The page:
New Jersey Governor Chris Christie will unveil legislation that aims to trim a $46 billion pension deficit by scaling back benefits and suspending cost-of-living increases, said a person familiar with details of the proposals.
The measures would roll back a 9 percent increase in pension benefits that was enacted through legislation in 2001, and suspend cost-of-living increases for at least three years, said the person, who declined to be identified because he isn’t authorized to speak ahead of Christie’s announcement next week.
Kevin Roberts, a spokesman for Christie, said the governor will propose pension measures “early next week” and declined to confirm details of the plan.
“It will be a plan to bring solvency to a system that is dangerously on the brink,” Roberts said today in an interview. Any changes Christie will outline are designed to “ensure the system is going to be there in the long-term for those employees that are already here,” Roberts said.
Christie, 48, the first Republican elected New Jersey governor since 1997, began holding town-hall meetings this month to outline “The Christie Reform Agenda,” a plan to cut government spending, create jobs and overhaul ethics regulations. Christie skipped a scheduled $3 billion state pension payment this fiscal year, saying he wouldn’t put money into a “broken” system.
‘Headed Toward Disaster’
Legislators in 2001 changed the formula used to calculate pensions for new retirees by dividing the number of years worked by 55, rather than 60, which in effect resulted in a 9 percent benefit enhancement. Christie is seeking to reverse that legislation and return to at least 60 for current workers, the person said. Legislators previously rolled back the higher benefits for workers hired after May 22, according to state bond documents.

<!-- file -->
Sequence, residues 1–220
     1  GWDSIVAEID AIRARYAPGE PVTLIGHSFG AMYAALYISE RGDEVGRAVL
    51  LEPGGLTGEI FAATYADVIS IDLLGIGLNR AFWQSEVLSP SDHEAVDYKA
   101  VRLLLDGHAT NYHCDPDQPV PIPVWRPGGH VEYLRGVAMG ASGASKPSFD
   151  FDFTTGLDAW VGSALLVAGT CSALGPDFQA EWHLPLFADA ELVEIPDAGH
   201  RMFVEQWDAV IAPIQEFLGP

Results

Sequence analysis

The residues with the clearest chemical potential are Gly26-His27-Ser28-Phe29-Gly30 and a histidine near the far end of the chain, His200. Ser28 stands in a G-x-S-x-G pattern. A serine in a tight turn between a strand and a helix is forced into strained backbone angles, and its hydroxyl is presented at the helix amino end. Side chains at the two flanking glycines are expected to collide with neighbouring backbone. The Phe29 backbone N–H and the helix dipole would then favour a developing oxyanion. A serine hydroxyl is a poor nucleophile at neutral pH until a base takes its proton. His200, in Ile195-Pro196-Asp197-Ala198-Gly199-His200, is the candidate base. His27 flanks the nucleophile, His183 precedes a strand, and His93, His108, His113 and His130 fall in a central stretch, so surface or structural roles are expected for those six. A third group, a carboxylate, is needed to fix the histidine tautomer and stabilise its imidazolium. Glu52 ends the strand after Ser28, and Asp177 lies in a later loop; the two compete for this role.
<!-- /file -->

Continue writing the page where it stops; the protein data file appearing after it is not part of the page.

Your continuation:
“Trenton politicians have consistently expanded pension benefits without paying for them,” Christie’s office said in statements outlining the governor’s Reform Agenda.
Assemblyman Declan O’Scanlon, a Republican from Red Bank, said the rollback would save the state $300 million annually. O’Scanlon has previously sponsored a bill that would return benefits to the earlier level, starting in January 2011.
“If we don’t do this our pension system is going to fall apart,” he said today in a telephone interview. “We’re headed toward disaster if we don’t all come together and solve this.”
The funding deficit in New Jersey’s pension system climbed by more than a third to $46 billion last year, from $34 billion in June 2008, because of investment declines and a failure to make full contributions, according to annual financial reports. The system now pays out benefits to about 250,000 retirees, according to state bond documents.
The system was more than 100 percent funded in 1998, until the Legislature began reducing annual contributions. From 2000 to 2006, the state never exceeded 30 percent of the required contribution, and by 2008, the total funding level had fallen below 73 percent, according to a February report by the Pew Center on the States.
Assembly Budget Chairman Louis Greenwald, a Democrat from Cherry Hill, in August said he’ll seek to link any benefits changes to making full state contributions. He said the Legislature needs to hold full hearings into both plans that include “everyone involved” before moving ahead with Christie’s plan.
He said he hasn’t discussed the plan with the governor or his office.
“In exchange for all of this the state is going to have to live up to its commitments,” Greenwald said in an interview. “If we don’t make contributions into that system, it will collapse under its own weight.”
The New Jersey Education Association, the state’s largest teachers’ union, hasn’t been briefed on the proposals, spokesman Steve Baker said
“We don’t believe that the governor can take away earned benefits,” he said. “And we certainly don’t support his efforts to reduce the pension our members have worked for and paid for.”